About Andika Hendra Mustaqim

April 5, 2009

Types of letters of credit

Filed under: Business English Correspondence — guruandikahendra @ 1:02 pm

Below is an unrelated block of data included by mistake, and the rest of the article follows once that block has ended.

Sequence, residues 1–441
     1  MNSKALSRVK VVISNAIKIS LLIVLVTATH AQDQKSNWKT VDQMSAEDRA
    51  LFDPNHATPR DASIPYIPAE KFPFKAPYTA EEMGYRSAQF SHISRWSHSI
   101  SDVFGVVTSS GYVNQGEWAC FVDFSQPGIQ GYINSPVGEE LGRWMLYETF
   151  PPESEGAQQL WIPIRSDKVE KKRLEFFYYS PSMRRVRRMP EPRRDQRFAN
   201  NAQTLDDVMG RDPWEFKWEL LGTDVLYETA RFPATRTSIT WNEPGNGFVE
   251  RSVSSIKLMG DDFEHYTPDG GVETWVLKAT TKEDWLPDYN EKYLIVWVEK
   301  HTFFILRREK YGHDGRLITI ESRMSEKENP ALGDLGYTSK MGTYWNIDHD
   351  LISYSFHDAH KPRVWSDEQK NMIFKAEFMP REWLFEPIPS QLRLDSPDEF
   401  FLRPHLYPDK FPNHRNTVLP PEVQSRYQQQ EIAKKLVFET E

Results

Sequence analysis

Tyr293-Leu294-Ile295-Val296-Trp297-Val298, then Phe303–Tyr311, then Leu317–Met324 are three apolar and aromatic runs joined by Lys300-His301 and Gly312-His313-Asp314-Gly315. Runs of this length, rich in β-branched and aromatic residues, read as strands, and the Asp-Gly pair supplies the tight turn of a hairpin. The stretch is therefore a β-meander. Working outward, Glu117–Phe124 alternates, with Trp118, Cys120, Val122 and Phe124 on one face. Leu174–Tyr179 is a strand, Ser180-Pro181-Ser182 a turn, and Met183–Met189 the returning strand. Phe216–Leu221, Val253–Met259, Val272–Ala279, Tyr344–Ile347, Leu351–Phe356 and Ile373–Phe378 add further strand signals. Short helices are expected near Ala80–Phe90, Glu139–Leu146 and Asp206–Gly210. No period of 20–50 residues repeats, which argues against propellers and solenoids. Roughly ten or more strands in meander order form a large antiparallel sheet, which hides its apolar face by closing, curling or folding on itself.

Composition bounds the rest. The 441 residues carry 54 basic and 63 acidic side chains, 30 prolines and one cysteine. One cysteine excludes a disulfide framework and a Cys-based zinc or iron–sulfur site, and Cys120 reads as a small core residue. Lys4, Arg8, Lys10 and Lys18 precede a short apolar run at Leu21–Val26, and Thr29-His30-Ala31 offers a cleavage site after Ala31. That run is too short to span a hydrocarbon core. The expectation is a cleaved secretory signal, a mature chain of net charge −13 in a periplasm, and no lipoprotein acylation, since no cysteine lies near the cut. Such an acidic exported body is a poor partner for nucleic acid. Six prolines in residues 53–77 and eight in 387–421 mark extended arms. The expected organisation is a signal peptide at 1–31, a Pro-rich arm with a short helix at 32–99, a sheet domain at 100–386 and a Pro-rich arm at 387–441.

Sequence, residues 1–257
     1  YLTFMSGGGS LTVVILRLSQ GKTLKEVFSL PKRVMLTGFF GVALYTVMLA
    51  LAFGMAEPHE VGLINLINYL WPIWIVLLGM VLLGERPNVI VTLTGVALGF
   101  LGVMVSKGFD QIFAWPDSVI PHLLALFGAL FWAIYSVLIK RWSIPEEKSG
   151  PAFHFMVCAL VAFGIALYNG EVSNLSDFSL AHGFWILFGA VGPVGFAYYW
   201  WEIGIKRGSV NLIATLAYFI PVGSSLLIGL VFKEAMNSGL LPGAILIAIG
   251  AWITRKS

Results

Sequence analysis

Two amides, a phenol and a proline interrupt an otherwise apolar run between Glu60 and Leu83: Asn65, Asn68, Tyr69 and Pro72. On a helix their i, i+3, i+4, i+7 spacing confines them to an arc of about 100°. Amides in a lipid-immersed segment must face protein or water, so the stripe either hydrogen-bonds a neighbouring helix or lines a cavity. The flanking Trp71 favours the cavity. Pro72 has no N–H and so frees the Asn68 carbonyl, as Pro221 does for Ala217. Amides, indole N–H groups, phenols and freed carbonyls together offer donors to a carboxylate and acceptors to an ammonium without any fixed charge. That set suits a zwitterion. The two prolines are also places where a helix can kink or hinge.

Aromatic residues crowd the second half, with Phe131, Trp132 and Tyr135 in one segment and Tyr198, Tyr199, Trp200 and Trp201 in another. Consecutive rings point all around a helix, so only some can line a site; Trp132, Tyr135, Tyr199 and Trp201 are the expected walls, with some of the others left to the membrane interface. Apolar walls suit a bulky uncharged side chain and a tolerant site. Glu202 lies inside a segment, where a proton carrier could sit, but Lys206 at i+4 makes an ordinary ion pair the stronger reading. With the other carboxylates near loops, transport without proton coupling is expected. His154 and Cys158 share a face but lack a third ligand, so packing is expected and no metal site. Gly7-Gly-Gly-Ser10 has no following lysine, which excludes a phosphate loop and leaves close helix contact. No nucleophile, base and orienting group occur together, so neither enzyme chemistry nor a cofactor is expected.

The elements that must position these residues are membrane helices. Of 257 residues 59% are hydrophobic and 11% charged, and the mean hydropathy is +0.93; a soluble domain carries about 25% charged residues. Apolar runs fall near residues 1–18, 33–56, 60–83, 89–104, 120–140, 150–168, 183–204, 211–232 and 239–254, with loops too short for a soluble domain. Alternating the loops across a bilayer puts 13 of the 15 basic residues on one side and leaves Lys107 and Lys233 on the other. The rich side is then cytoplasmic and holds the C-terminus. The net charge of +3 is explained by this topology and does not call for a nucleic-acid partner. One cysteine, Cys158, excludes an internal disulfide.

Confirmed letter of credit In the event of a confirmed letter of credit, the confirming bank (in addition to the issuing bank) assumes an obligation to pay the seller for the goods upon the fulfilment of the conditions of the documentary credit. A confirmed letter of credit gives the seller a two-fold guarantee (opening bank and confirming bank) that the payment will be made. A confirmed letter of credit is mostly used when the seller has reservations about the buyer’s bank or the country of origin of the buyer’s bank. Transferable letter of credit Transferable letter of credit gives the intermediary (the first beneficiary of the letter of credit) an opportunity to apply to the bank for a transfer of the documentary credit for the benefit of the supplier (seller, second beneficiary of the letter of credit). Thus, the intermediary buys the goods from the supplier with the same documentary credit that the intermediary sells the goods with to the buyer. The intermediary transfers its right to the documentary credit amount paid against documents that are in accordance with the conditions of the documentary credit to the supplier. The conditions of documentary credit, specified by the buyer i.e. the party opening the letter of credit, have to be fulfilled and the documents submitted by the supplier. The intermediary exchanges only the supplier’s invoice and the bill of exchange upon receipt of the documentation to the transferring bank (provided that the bill of exchange is required under the letter of credit). Therefore, the main task of the intermediary is to agree upon similar terms and conditions with both its buyer and the seller (with the exception of price), as the second beneficiary of the letter of credit or the seller must meet the terms stated by the buyer in the letter of credit. The letter of credit is transferred in its original form. The first beneficiary of the letter of credit (the intermediary) has the right to change only the following terms upon the transfer of the documentary credit: * documentary credit amount; * price charged for goods (unit price); * expiry date of the letter of credit; * last date for the delivery of goods; * date for presentation of documents. All the aforementioned amounts can be decreased and the deadlines shortened. Also, the intermediary may increase the insurance amount so as to assure the compliance of the insurance with the provisions stated in the original documentary credit. What are the benefits of transferable documentary credit for the intermediary? * Transferable documentary credit is an opportunity to intermediate large trade transactions without having to use one’s own funds (no need for credit decision); * If the terms stated in the documentary credit allow partial shipments, the intermediary may transfer the documentary credit to a number of other beneficiaries of the documentary credit). Back-to-back letter of credit Back-to-back documentary credit is used in situations where a transferable documentary credit cannot or is not allowed to be used for some reason. Upon the intermediary’s request the bank issues a back-to-back documentary credit in favour of the supplier. The documentary credit, opened by intermediary’s bank, is based on documentary credit (so-called initial documentary credit) previously opened in favour of the intermediary. Legally, these are two independent documentary credits; therefore, contrary to the transferable documentary credit, the bank may require the intermediary to provide additional security for the issuing of a back-to-back documentary credit (as the initial documentary credit is not a 100% security for a bank). At the same time the use of back-to-back documentary credit allows the intermediary to avoid direct contacts between the buyer and the seller. Red clause letter of credit A red clause documentary credit includes a special condition that allows the seller to receive a part of the documentary credit amount as an advance payment before the fulfilment of all the conditions stated in the documentary credit. This type of documentary credit is used when the seller needs funds for the purchase, manufacture, or transport of goods. The buyer guarantees the advance payment, thus in order to use a red clause documentary credit the buyer should trust the seller. Revolving letter of credit A revolving documentary credit is suitable for making payments for regular deliveries made over a longer period of time. The buyer asks his bank to issue a letter of credit with a so-called ‘revolving clause’ that allows the seller to present documents to the bank after a certain period of time defined in the documentary credit, submitting then under the same documentary credit without the buyer having to make any amendments. Stand-by letter of credit A stand-by documentary credit is very similar to a bank guarantee; therefore, we are actually speaking of a guarantee instrument. With a stand-by documentary credit, the buyer is required to pay for the goods or services outside the documentary credit. The documentary credit will be used, i.e. the seller will present stipulated documents to the bank only in case the buyer does not fulfil his contractual obligations. The documents required under a stand-by documentary credit usually include only a copy of invoice sent to the buyer and the seller’s written claim to the bank, stating that the buyer has not fulfilled his contractual obligations. The advantage of a stand-by documentary credit over a bank guarantee is the fact that stand-by documentary credits are handled similarly to other types of documentary credits, according to the procedures provided by Uniform Customs and Practice for Documentary Credits (UCP 500), issued by the International Chamber of Commerce. Thus in case of a stand-by documentary credit the bank checks whether the documents presented comply with the provisions of the documentary credit and does not monitor the actual transaction taking place or whether the parties fulfil their contractual obligations or not.